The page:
Today is August 1, 2011, so our climate normals have changed.
We meteorologists have been using relatively old records to determine our average high/low temperatures, precipitation and so on. These records were based from the year 1971 to the year 2000. Beginning today, normals will be from 1981-2010.
What’s going on here? The term “normal” – according to NOAA’s National Climate Data Center (NCDC) – is technically “the latest three-decade averages of climatological variables, including temperature and precipitation.” So normal, for NCDC, is really an average of the past 30 years – the previous three completed decades.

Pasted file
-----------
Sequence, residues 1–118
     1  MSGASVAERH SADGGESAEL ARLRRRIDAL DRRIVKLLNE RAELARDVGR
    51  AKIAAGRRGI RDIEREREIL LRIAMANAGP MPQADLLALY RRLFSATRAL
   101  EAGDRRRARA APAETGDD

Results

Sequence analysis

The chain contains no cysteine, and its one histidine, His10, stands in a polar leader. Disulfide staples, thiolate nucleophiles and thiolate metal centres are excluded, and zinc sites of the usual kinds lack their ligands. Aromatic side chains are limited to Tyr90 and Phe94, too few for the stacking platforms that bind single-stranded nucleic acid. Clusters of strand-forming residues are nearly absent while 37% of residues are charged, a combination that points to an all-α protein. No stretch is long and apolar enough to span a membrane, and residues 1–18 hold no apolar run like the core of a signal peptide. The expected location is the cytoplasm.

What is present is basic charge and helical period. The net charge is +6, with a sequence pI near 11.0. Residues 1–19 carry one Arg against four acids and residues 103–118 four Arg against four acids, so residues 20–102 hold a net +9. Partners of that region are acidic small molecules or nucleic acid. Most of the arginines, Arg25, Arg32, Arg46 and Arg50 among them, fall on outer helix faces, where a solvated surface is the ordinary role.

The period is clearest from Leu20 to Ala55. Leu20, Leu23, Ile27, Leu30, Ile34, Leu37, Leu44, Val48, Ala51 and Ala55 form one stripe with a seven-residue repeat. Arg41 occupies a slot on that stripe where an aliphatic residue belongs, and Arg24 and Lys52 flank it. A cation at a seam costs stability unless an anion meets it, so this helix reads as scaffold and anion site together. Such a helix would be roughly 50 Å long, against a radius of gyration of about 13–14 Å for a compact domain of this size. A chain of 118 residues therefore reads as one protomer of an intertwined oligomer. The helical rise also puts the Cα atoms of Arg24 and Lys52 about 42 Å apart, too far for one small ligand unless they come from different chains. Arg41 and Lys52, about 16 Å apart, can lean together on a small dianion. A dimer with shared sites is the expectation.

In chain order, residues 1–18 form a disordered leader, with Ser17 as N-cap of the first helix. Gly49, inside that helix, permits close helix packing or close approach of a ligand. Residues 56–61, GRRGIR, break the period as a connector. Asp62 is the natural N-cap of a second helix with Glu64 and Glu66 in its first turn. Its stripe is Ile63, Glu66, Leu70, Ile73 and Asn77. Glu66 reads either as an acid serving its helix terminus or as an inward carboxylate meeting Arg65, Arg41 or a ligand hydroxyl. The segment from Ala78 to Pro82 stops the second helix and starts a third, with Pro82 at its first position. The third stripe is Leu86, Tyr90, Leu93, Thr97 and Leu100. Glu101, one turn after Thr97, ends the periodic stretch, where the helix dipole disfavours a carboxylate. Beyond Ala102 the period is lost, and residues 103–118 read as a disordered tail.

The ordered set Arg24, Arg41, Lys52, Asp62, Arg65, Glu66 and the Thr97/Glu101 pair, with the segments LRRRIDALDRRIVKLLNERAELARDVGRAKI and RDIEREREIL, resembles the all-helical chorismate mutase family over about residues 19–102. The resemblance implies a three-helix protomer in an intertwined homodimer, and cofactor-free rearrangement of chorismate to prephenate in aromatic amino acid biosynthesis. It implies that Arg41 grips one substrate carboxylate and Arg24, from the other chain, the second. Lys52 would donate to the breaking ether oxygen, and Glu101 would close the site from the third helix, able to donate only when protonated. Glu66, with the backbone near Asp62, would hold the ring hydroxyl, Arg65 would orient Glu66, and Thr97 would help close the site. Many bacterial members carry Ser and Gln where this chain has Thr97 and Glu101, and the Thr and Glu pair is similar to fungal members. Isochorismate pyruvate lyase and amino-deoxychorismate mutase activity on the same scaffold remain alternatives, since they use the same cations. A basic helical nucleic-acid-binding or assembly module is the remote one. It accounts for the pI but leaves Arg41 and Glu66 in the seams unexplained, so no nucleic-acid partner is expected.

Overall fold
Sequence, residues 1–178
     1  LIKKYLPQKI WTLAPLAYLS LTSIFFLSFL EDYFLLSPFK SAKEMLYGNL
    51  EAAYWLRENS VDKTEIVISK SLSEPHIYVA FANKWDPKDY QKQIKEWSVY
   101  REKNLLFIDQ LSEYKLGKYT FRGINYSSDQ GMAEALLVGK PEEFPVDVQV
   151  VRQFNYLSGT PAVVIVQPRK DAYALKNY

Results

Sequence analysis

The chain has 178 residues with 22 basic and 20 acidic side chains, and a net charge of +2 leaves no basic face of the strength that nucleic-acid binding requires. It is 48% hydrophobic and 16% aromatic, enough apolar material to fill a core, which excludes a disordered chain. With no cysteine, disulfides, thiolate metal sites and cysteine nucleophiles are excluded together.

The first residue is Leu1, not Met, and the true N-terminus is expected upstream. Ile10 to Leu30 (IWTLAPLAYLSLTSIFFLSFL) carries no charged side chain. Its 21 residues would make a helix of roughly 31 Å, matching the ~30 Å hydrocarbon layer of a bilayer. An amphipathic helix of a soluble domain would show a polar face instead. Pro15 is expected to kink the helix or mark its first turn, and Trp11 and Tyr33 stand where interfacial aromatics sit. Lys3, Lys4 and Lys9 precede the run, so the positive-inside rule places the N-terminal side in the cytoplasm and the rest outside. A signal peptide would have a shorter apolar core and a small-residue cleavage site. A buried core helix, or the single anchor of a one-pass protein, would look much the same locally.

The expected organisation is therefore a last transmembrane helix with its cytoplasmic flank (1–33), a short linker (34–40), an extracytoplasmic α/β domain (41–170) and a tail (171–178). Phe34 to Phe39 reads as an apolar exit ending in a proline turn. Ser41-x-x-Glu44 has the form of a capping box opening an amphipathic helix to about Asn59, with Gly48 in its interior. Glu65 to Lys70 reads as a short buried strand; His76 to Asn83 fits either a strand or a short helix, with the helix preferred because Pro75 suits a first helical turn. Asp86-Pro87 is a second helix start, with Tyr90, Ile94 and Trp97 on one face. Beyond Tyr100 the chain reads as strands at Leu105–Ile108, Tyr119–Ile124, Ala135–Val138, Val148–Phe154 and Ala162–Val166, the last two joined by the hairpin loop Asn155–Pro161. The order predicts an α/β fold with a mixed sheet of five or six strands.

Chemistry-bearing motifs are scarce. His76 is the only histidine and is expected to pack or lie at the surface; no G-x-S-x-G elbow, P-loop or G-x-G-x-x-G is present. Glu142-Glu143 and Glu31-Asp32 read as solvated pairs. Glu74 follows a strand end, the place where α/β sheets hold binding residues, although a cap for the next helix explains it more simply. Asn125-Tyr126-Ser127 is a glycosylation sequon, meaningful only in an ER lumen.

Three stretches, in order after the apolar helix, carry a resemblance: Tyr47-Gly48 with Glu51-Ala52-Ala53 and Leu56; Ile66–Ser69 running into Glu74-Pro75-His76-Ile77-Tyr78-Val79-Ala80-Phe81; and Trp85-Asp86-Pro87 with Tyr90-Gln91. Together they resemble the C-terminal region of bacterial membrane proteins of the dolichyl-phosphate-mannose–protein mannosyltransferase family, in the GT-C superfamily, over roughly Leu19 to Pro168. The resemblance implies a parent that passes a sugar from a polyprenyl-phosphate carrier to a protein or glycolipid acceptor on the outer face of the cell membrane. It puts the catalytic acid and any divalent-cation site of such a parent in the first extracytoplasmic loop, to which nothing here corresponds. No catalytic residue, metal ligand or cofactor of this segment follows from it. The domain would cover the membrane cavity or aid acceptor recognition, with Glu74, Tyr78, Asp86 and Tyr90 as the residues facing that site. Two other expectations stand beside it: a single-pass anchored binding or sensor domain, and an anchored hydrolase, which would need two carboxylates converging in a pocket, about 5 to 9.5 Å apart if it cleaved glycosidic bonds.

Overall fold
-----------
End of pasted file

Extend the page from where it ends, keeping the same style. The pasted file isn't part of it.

So now once every decade NCDC re-calculates the average and calls it our “normal.” Beginning August 1, we are using 1981-2010.
The NCDC is now using this new 30-year average for various reasons:
- Stations may have relocated
- Instrumentation at various locations have been upgraded or changed
- Changes in methodology
- It will include a suite of metrics, including daily probabilities of precipitation with month-to-date and year-to-date precipitation normals.
You can learn more about the climate normals by visiting the NCDC.
You can also locate the normals from each state through 1981-2010 from the Department of Atmospheric Sciences at the University of Washington.
Matt Daniel is Meteorologist for WBRC in Birmingham, Alabama. A self-described "big weather and music geek," Matt has a passion for helping to keep people safe when severe weather strikes and says if you don't have a NOAA Weather Radio ... you should get one.